“During his tenure as the Senior Superintendent of Police in District Malir, Pakistan, Rao Anwar Khan (Anwar) was reportedly responsible for staging numerous fake police encounters in which individuals were killed by police, and was involved in over 190 police encounters that resulted in the deaths of over 400 people, including the murder of Naqeebullah Mehsood,” a handout circulated by the US Department of Treasury said.

Anwar, it further noted, led a network of police and criminal thugs that was allegedly involved in extortion, land grabbing, illegal drug trade, and murder.

“Anwar is designated for being responsible for or complicit in, or having directly or indirectly engaged in, serious human rights abuses,” the statement added.

The US Department of Treasury’s Office of Foreign Assets Control (OFAC), on the occasion of International Human Rights Day, took action against 18 individuals based in Burma, Pakistan, Libya, Slovakia, Democratic Republic of the Congo (DRC) and South Sudan for their roles in serious human rights abuses.

“The United States will not tolerate torture, kidnapping, sexual violence, murder, or brutality against innocent civilians,” said Secretary Steven T. Mnuchin. “America is the world leader in combating human rights abuse and we will hold perpetrators and enablers accountable wherever they operate.”

“Treasury’s action focuses on those who have killed, or ordered the killing of innocents who stood up for human rights including journalists, opposition members, and lawyers,” said Deputy Secretary Justin G. Muzinich.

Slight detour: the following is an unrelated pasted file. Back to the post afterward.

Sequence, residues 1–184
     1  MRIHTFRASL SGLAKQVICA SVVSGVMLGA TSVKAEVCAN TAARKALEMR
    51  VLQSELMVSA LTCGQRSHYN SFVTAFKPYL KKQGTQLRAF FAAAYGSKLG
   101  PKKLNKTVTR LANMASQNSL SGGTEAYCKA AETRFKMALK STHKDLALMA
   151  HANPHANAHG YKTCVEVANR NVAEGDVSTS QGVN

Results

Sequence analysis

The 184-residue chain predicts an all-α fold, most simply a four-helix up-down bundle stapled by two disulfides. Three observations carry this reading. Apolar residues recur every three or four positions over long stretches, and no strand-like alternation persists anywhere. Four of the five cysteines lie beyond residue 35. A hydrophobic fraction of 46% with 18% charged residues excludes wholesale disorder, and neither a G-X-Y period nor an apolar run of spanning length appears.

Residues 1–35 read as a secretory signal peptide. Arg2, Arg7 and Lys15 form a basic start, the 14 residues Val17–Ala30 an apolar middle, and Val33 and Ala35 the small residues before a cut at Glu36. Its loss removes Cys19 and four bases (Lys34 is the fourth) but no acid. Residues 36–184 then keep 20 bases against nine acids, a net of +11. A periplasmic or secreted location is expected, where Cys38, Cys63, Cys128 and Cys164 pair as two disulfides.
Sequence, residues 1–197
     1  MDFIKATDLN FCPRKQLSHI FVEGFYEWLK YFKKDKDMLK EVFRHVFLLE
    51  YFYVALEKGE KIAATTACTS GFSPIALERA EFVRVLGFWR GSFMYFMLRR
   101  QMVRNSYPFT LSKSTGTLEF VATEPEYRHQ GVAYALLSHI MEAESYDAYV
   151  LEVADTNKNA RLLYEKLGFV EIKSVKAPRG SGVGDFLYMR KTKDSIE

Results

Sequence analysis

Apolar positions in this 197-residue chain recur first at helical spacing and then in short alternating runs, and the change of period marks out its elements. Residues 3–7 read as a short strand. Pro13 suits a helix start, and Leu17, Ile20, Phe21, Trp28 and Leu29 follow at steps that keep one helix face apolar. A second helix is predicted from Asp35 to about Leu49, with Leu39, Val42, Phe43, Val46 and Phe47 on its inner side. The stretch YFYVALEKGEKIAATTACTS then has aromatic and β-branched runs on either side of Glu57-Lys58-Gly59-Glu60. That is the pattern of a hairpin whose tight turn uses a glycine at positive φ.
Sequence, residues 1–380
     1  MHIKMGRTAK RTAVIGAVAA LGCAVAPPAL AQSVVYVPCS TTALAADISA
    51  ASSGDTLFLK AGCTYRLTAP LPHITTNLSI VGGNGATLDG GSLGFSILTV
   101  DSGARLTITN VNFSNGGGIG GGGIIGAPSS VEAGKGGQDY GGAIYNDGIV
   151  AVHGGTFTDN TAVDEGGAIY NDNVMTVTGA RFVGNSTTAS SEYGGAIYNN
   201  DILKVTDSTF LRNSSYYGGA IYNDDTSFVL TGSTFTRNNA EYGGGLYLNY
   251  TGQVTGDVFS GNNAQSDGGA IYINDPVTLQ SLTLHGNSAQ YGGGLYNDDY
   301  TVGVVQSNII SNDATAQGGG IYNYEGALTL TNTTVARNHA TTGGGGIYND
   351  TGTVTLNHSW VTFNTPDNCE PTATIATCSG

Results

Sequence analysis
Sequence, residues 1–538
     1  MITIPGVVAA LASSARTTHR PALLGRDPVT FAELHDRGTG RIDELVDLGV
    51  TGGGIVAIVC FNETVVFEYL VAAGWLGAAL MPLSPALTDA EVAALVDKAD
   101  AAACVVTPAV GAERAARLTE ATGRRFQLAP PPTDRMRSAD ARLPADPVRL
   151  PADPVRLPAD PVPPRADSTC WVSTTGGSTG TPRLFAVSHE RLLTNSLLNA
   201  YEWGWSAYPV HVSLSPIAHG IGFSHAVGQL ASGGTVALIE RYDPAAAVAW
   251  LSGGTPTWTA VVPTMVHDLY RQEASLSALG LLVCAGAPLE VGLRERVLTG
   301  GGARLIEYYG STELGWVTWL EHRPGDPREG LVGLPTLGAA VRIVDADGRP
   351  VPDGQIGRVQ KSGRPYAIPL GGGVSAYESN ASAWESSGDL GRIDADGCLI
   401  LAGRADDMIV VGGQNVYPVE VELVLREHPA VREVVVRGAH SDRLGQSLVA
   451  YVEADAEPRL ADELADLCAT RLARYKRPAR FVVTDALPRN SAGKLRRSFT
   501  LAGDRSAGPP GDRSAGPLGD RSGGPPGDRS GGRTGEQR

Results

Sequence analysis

Mehsud’s family said they were happy with the US decision and hoped they would also get justice in Pakistan.

Malik Hashim Mehsud, a member of the family, said the American move to sanction Anwar was commendable.

“The US sanctions against Rao Anwar or anyone violating human rights should be appreciated,” Mehsud told Arab News, adding that the case of Naqeebullah’s extra-judicial murder was pending in the Supreme Court of Pakistan and it was his family’s hope that justice would ultimately prevail.

“The sanctions imposed on Rao Anwar by the US treasury department should embarrass our criminal justice system and law enforcement agencies who have failed to provide justice so far and not launched an investigation into the killings of 444 individuals who were murdered by him,” a prominent activist and lawyer, Jibran Nasir, told Arab news.

Senior Superintendent of Police Rao Anwar claimed on January 13, 2018, that he had killed four terrorists who were associated with Tehreek-e-Taliban Pakistan, Lashkar-e-Jhangvi, and Daesh.

Four days later, on January 17, friends of Nasimullah Mehsud, popularly known as Naqeebullah Mehsud, claimed on social media that one of Anwar’s victims was known to them, adding that the 24-year-old man was an aspiring model, not a terrorist.

Later, the Supreme Court of Pakistan decided to take a look into the matter, prompting Anwar to abscond.

He surrendered to the court in March 2018 and remained under house arrest until he was granted bail in July 2019. Soon after that, Mehsud’s father, Muhammad Khan Mehsud, who passed away earlier this month, requested the country’s judiciary to cancel the bail.